The school year ends with many beautiful snapshots left behind, nailed in memory. A lesson done outdoors, without the damn masks, in the shadow of a guy, while there is a heat wave all around. The last two hours of the year spent watching together Truman Show and then to quarrel, without even being aware that the bell has rung. The greeting from your children, which makes you understand that something has happened, even if you are not always there to ask for feedback. We could go on. Maybe with the big party of an equal school: everyone, parents, teachers, children, in a kind of village party that makes you feel like you are in a big family … School is over, but not “it’s over!” is, not with a liberating cry like that of one fleeing a prison. And thinking about starting over in a few months is not a threatening cloud on the horizon.
But some snapshots are sad, too. Like the eyes of a girl who has an eating disorder and who, when she talks to you, looks out into space because she spins around in circles. His eyes see nothing. And the short text by Pirandello comes to mind, The glasses: “One day I was wearing a pair of green glasses; the world / I saw green and homosexual, / and I lived with joy.// I come down to a fair like that / with an abstract and sad air. / – ‘Verdi? – he says to me./ You will waste your sight.// Come on, take mine instead: / you will see the truth! ‘ – / I took them. I believed him./ And I saw everything black.// In a little while / I came across a world like this, / I threw away my glasses, and then / I did not see anything at all “.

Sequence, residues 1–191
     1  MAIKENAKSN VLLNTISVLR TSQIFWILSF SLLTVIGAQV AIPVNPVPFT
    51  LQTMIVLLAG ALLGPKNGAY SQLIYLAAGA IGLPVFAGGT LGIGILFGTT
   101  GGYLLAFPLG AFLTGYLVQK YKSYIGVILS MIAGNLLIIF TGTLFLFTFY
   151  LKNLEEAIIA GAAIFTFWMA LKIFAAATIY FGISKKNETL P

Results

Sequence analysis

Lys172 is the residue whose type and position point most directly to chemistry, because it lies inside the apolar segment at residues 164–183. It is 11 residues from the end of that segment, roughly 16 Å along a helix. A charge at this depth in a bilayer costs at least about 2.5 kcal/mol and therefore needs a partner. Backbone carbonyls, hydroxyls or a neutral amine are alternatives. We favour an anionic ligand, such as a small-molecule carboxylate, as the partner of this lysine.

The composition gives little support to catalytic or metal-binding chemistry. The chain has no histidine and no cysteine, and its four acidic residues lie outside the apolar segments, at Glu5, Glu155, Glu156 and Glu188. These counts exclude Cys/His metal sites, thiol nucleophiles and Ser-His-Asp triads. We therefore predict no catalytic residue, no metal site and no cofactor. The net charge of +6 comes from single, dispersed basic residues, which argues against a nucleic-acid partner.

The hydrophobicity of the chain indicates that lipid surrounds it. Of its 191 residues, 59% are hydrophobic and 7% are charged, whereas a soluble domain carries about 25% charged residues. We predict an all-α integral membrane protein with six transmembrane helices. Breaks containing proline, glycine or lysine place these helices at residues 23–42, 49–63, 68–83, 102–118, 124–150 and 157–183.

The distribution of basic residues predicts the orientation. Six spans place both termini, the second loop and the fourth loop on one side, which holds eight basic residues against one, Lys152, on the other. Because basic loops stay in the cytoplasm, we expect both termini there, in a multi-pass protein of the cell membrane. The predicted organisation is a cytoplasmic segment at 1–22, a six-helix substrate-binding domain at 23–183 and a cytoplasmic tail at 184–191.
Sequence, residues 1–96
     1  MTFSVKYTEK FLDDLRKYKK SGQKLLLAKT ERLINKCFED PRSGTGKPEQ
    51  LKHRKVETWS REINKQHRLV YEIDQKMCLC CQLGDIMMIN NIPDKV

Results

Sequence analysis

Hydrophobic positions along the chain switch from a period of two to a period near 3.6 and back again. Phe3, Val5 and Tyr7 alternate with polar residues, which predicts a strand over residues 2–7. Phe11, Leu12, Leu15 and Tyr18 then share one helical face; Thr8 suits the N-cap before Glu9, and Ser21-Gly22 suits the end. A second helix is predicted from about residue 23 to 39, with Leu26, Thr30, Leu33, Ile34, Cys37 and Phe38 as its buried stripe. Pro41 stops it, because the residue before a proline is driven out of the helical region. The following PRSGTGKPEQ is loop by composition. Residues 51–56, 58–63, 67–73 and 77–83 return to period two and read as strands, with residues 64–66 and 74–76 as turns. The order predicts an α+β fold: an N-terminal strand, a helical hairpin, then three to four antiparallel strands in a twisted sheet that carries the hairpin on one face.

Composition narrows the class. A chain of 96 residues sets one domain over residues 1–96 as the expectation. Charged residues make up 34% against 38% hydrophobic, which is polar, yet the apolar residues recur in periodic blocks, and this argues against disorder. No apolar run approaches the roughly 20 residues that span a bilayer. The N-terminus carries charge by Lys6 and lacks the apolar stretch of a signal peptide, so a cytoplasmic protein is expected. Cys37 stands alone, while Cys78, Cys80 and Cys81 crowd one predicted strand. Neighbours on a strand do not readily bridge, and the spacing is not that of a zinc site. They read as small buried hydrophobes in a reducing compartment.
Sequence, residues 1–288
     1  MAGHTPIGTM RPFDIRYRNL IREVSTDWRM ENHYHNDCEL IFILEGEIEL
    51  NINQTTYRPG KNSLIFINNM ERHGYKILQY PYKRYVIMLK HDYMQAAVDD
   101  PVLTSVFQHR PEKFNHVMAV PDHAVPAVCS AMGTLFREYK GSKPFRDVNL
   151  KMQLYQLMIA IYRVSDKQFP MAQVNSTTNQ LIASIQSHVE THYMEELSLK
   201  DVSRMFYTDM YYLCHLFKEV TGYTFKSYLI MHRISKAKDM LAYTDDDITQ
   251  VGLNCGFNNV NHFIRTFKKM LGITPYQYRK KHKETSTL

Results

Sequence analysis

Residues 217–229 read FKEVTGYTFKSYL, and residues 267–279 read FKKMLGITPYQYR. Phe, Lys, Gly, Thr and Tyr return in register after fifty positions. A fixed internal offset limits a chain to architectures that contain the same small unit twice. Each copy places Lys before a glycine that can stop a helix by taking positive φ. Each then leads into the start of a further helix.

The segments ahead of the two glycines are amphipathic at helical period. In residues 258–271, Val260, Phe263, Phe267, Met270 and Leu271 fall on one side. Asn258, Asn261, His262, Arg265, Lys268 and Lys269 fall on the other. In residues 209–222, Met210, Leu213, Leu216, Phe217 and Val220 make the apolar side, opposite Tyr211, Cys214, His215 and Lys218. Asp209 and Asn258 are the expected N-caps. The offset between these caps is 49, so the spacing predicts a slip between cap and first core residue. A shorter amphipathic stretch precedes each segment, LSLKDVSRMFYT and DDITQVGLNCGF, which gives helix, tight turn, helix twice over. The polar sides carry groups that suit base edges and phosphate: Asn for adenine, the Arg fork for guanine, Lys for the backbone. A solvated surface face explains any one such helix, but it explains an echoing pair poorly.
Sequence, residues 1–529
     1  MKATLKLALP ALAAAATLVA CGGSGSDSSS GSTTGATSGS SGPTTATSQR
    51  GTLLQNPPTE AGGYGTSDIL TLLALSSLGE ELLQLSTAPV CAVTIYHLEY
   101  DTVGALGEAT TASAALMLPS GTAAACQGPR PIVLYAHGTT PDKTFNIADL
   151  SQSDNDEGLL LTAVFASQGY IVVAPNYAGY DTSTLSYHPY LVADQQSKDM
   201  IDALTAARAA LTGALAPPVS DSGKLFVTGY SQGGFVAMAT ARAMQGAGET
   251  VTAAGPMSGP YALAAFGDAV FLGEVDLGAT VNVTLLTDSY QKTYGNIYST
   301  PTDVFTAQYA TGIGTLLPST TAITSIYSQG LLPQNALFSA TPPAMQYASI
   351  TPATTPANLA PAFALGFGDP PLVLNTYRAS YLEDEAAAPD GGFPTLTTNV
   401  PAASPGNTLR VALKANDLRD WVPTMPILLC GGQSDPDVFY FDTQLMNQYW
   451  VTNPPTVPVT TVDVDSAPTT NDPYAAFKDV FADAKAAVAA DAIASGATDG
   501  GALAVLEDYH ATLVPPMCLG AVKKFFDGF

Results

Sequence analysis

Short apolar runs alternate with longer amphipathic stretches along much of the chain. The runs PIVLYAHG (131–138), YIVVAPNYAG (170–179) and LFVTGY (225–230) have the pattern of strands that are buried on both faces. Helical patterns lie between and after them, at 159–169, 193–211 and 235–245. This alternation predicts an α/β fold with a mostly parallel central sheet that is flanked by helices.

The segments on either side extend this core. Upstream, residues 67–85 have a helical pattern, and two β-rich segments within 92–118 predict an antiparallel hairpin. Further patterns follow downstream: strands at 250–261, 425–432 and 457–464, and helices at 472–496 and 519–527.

Eyes that see but see nothing are a really painful sight. Especially if you met those eyes when they saw green. And now instead … Like Frodo, Tolkien’s little hobbit, we teachers have the enormous privilege of bringing the evil of others upon us, and we must necessarily deal with it. We are called to be reference points, teachers and guides today more than ever. We are exposed to the gaze of others, for the eyes hunger for meaning and hope in the young people we meet. Do we want to be what we are supposed to be? Or, even more crudely question, will we not at least manage to be the cause of evil?
These days, there is a phrase that some moms looking for inspiration for a nice gift to give to teachers found online. This is the phrase of a certain Alexandra K. Trenfor, who is a complete stranger, a virtual character that you know nothing about, even though she really does exist. But the mother mentioned above did not hesitate to go and check: the sentence seemed to her beautiful, and she copied and pasted it. It goes like this: “The best teachers are the ones who will show you where to look but will not tell you what to see”. There is a certain truth, for the “best” teacher is the one who represents the young person an invitation to look. There is a lie because “what to see” is important, it is basic and must be shown and seen and recognized. Otherwise, you risk becoming like Pirandello’s “scam story” that destroys the eyes of others.